“Something to do, Something to love and Something to hope for…”
My father offered this pearl of wisdom to me many years ago. I’ve often found it interesting one’s home and family satisfy all three of these basic of human needs.
Generations have come and gone, they’ve experienced an array of diverse and divergent life changing events in their lifetimes, but one thing has always rung to generation after generation, being a homeowner.
I belived in my heart of hearts, that it is still true today. Economic turmoil has come and gone before. Multi-generational living has been common throughout history, and it is true again today. One thing is certain though, as soon as economic circumstances permit, people will want to be homeowners again. The dream of one’s own castle has not ended, it has just been postponed. What goes around, comes around.
All that being said, what are the generalities making cities, neighborhoods, and communities great? Here’s my list. We all have different imprints from childhood, life’s lessons and years of experience. I’d love to discuss your list of needs, wants and non-negotiables. In the meantime, take a look at mine.
- Proximity to employment/transportation/highways: This might not be the #1 item on a homeowners list, but for neighborhood residents, it is always in the top three.
- Proximity to quality schools: Even for homeowners without children, they understand the resale value of good schools. Moving forward, this may become even more critical to homeowners.
- Proximity to recreation: If community pools, parks and recreation didn’t mean so much to buyers, new home developers would leave these benefits behind, but they seldom do. Recreation bonds homeowners to each other and their family.
- Proximity to open space: Open space makes a homeowner feel comfortable in areas of higher density. From walking the dog, riding a bike or going for a run, open space is always a top 5 for the majority of homeowners.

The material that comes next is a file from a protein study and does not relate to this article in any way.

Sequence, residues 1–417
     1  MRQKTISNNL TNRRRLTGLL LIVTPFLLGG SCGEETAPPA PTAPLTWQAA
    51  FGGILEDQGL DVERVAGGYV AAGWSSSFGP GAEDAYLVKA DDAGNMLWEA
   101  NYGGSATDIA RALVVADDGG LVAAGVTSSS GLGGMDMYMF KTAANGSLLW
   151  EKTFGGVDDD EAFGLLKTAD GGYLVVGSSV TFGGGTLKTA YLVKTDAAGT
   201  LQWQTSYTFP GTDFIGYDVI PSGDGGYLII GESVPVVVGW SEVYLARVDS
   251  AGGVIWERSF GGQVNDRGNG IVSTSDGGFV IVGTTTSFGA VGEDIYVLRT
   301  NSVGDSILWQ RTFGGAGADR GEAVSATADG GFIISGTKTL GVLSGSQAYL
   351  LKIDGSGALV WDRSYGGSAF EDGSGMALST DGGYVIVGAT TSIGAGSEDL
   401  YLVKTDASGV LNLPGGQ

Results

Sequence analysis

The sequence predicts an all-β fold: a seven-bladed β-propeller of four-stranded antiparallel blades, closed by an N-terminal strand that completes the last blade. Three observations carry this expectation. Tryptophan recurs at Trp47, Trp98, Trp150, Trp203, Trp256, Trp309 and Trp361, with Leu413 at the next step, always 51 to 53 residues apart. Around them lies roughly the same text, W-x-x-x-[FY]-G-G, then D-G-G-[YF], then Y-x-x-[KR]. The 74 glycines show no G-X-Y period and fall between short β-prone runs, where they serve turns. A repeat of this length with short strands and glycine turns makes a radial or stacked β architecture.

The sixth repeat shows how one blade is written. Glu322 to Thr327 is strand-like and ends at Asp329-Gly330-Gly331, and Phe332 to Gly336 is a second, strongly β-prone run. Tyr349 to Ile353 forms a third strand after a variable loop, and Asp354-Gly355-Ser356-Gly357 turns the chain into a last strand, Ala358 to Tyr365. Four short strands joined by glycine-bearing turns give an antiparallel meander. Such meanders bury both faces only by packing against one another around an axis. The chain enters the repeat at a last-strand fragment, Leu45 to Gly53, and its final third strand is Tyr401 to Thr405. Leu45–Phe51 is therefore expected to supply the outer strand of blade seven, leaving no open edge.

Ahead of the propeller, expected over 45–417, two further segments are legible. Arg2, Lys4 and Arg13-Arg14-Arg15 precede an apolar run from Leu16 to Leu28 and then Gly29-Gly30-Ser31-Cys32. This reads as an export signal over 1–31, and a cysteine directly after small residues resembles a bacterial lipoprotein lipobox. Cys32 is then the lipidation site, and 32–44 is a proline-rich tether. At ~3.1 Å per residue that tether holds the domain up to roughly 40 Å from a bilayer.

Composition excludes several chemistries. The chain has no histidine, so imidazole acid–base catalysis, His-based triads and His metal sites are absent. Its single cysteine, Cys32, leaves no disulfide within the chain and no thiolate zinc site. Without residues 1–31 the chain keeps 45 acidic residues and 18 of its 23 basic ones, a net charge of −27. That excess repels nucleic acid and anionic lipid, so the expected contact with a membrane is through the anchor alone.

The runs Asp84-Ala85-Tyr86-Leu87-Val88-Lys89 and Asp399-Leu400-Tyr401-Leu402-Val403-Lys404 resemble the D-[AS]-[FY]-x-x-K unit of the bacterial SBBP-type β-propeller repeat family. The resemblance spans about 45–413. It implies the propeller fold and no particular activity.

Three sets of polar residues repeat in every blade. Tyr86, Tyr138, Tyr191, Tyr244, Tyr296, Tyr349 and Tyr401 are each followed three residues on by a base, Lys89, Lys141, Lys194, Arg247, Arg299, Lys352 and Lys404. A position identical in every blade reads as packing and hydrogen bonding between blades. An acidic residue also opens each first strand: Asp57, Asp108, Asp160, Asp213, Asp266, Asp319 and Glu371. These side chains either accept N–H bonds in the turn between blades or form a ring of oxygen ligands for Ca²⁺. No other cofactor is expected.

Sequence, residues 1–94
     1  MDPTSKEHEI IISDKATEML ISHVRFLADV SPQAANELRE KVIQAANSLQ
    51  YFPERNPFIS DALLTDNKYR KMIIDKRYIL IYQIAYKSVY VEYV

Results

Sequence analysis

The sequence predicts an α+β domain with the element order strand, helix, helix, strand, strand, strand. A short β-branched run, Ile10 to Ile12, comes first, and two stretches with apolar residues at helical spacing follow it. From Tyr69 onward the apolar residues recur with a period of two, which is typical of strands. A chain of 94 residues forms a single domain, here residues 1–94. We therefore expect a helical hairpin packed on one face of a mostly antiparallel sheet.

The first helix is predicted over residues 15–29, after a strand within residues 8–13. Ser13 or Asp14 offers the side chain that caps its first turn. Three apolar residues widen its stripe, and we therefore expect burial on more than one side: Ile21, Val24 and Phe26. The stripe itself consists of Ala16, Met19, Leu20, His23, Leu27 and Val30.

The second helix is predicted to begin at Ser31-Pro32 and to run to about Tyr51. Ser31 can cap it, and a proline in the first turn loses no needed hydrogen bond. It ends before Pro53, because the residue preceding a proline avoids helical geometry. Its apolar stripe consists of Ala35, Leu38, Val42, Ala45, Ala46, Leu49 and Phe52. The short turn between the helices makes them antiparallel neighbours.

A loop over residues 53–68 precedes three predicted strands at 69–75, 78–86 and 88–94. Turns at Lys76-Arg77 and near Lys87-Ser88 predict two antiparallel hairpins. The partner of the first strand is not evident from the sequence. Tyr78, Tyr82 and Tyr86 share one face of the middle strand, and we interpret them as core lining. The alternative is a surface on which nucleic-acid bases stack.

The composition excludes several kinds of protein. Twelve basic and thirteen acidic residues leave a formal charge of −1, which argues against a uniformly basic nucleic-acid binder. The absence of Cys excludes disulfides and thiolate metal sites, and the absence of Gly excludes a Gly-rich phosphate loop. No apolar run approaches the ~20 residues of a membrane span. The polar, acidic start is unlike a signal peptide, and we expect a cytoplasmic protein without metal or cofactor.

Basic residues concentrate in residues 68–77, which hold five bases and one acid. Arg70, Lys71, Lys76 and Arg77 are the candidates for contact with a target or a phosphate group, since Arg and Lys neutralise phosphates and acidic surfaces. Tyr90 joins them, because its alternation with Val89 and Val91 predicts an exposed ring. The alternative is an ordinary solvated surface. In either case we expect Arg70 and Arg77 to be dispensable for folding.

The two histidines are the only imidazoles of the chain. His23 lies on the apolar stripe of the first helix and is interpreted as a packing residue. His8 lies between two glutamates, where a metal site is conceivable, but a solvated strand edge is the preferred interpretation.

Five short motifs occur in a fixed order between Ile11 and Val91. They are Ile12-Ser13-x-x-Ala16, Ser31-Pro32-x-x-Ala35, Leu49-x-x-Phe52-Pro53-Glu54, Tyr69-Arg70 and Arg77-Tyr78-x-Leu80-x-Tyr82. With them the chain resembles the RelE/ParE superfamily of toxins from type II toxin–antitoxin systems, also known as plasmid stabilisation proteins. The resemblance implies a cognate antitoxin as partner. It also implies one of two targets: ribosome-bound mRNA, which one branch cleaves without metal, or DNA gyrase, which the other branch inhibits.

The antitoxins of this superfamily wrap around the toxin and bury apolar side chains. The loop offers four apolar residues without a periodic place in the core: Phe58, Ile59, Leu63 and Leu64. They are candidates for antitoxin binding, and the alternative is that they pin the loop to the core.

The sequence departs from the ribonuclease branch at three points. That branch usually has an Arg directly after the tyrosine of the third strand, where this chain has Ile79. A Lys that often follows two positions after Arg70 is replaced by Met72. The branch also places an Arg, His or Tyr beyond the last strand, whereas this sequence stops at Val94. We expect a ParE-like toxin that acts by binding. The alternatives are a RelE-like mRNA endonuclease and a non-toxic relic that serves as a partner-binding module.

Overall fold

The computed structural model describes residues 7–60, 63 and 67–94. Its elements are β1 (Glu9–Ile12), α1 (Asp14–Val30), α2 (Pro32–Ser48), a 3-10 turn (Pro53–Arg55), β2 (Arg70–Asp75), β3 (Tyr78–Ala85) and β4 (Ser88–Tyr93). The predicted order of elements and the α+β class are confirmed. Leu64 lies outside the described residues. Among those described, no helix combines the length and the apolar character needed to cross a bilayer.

- Proximity to child care: One of the top reasons families become homeowners is because of their children. With so many two income families, the need for child care is not going away.
- Protection from inharmonious non-residential uses: Factories, industrial uses, some apartment uses, power lines, heavy traffic corridors, over flight traffic and heavy rail lines can limit the upward potential of a neighborhood.
- Access to entertainment: Since this is not an everyday event for most families, this can be some distance away, but its nice if their is a Cineaplex down the street.
- Access to shopping: I’ve heard people homeowners say, “I don’t want to be so far out that I can’t get a pizza delivered”, well, this is true for the grocery store and routine shopping needs too!
- Access to healthcare: This is always something that homeowners consider. Is there good healthcare nearby, and is it readily accessible?
- A reputation of being crime free: Although in tenth place here, it could be #1 too. Safe neighborhoods are always a top concern for long term residential appeal, resale values and community reputation. So, although last on my list, for me it ranks #1.
With my Top Ten on the table, take a moment and comment on what your #1 item is for neighborhood appeal. In the meantime, there is no doubt in my own mind; we will maintain 60-65% of our US households as homeowners. Did you know Italy ranks as having the highest percentage of home-owning households in the world at 81%?
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